Looking for some syncopations for west coast swing? Just like most moves in west coast swing can be broken down into two-beat increments, most footwork syncopations can be broken down into smaller pieces. By practicing the elements that make up the vast majority of footwork syncopations, it becomes much easier to synthesize them on-the-fly into more advanced combinations.
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Learn the Syncopated Triple
West coast swing pulses on the upbeats, so our normal triple step is designed to give a full beat of music to the upbeat; the & of the triple comes between the downbeat and the upbeat.
The syncopated triple rhythm flips this pulse: the & count occurs before the downbeat in order to make the downbeat feel accented.
The Drill: Without a partner, put on a song and practice doing triple steps with the basic rhythm. Then, switch to syncopated triples. Since the & now comes before the downbeat, you need to start the & count as soon as you finish the previous upbeat. There’s no time for a coffee break.
Once you can fluidly do the syncopated triples, try dancing basic rhythms and alternating between syncopated triples and standard triples.
A word of caution: It is very easy for syncopated triples to become your basic rhythm because so much contemporary WCS music has frequent accents on the downbeats. Push break and tuck-based moves are particularly vulnerable, since it is extraordinarily easy to use the &3 to hit an accent and then dance out on the 4, rather than letting the compression build through 3&. When you are practicing syncopated triples, be sure that you are doing them deliberately and that your basic still remains the standard triple rhythm. For the tempting moves like push breaks and tucks, I would strongly recommend that you finish a session by practicing those moves a couple of times with normal triples to make sure that you reinforce the standard rhythm.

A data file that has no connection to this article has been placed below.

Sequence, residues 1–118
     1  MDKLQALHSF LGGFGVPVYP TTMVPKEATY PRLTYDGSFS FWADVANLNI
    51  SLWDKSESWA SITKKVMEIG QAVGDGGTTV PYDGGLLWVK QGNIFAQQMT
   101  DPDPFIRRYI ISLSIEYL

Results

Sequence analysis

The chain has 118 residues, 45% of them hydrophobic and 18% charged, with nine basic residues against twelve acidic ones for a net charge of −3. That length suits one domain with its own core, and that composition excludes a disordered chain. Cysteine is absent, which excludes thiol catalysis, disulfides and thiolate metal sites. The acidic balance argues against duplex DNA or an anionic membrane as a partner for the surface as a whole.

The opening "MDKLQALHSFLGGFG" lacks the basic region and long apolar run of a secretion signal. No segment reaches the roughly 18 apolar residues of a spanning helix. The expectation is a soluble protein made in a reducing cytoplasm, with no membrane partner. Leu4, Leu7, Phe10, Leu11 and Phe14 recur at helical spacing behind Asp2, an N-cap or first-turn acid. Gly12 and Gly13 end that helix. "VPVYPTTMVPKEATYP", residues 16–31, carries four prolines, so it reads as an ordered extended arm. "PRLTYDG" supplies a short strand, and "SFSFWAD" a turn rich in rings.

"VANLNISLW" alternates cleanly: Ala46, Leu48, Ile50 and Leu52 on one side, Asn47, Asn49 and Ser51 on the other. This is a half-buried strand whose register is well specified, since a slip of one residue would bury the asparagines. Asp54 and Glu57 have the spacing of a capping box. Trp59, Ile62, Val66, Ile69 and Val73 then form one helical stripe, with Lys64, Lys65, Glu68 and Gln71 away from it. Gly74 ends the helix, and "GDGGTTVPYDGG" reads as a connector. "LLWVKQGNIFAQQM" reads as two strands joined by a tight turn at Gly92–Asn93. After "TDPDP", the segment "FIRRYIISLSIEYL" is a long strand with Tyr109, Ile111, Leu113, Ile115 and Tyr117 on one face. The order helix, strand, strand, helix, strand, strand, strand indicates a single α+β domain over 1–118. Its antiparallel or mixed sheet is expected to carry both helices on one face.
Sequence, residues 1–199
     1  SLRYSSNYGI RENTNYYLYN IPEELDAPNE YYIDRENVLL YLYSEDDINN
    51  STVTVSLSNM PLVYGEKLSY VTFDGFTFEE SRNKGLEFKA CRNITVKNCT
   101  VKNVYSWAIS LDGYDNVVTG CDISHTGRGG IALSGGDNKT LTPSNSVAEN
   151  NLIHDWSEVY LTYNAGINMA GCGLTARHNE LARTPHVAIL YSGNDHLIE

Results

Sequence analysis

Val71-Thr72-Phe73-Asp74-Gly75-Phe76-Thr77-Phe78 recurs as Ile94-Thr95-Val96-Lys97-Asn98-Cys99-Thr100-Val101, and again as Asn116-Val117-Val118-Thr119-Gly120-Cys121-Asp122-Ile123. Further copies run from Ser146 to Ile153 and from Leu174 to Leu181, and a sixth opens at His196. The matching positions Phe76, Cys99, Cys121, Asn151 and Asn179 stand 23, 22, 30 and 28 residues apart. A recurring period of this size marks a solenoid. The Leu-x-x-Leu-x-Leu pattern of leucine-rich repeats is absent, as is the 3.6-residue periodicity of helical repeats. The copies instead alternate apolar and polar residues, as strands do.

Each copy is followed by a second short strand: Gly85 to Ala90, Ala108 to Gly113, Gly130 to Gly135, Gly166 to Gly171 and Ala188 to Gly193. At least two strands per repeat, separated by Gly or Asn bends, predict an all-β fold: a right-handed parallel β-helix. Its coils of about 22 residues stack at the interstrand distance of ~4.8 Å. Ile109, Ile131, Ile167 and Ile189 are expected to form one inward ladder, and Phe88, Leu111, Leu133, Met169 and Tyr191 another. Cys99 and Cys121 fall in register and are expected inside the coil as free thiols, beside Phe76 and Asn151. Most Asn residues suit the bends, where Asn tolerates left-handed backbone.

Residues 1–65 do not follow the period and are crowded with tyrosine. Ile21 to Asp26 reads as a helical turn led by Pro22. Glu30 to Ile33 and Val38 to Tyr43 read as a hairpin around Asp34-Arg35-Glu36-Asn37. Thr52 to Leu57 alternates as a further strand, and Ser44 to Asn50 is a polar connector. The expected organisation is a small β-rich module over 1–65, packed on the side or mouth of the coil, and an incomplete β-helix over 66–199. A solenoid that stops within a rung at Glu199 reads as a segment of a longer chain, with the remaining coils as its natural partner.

Beginner to Intermediate Syncopations:
Put on a song, and practice performing each of the elements of footwork syncopations one at a time. Remember to practice starting on both feet!
- Walks: Simply step on each beat on music.
- Slow Walks: Step on the downbeat and hold the upbeat.
- Touch Step: On the downbeat, touch but do not transfer weight into your free foot. You can touch at any angle that is comfortable for you; generally, you should stay within the arc that goes from straight forward to back at a 45° angle. On the upbeat, transfer your weight to that foot.
- Step Touch: On the downbeat, step to your new foot. On the upbeat, touch the ground with the free foot but do not transfer weight.
- Kick Ball Change: Keep your weight over your supporting foot. With your free foot, kick on the downbeat. On the & beat, put your weight on that foot but keep the foot under yourself, then step back to the original supporting foot on the upbeat. During this entire syncopation, your weight should remain over one side of your body rather than shifting from side to side.
- Point Ball Change: Same as the kick ball change, but with a point into the ground instead of a kick.
- Hold Ball Change: Same as the kick ball change, but the free foot does nothing on the downbeat. A popular version of this move is to straighten the free knee or both knees to a “pop” before performing the ball change.
You will notice that some of the syncopations alternate the free foot, while others end in the same position that they began. The double rhythm variations (walks and ball change steps) should end on the same foot as you started. Conversely, the single rhythm variations (slow walks, touch step, and step touch) will end on the opposite foot.
Once you are comfortable with the rhythms of the syncopations, you can begin to stylize them by changing directions or modifying the free foot. For instance, a step touch can become a step ronde. A touch step can become a smearing of the foot across the floor before stepping. Walks can add foot swivels, touches, points, and kicks can go in different directions, etc. Play with these styling options to find something that’s comfortable and looks good on you!
The vast majority of footwork syncopations are built from a handful of basic movements. By drilling those movements, you can easily combine the pieces into a more elaborate syncopation to match the music.
The Drill: Without a partner, practice the basic movements for syncopations.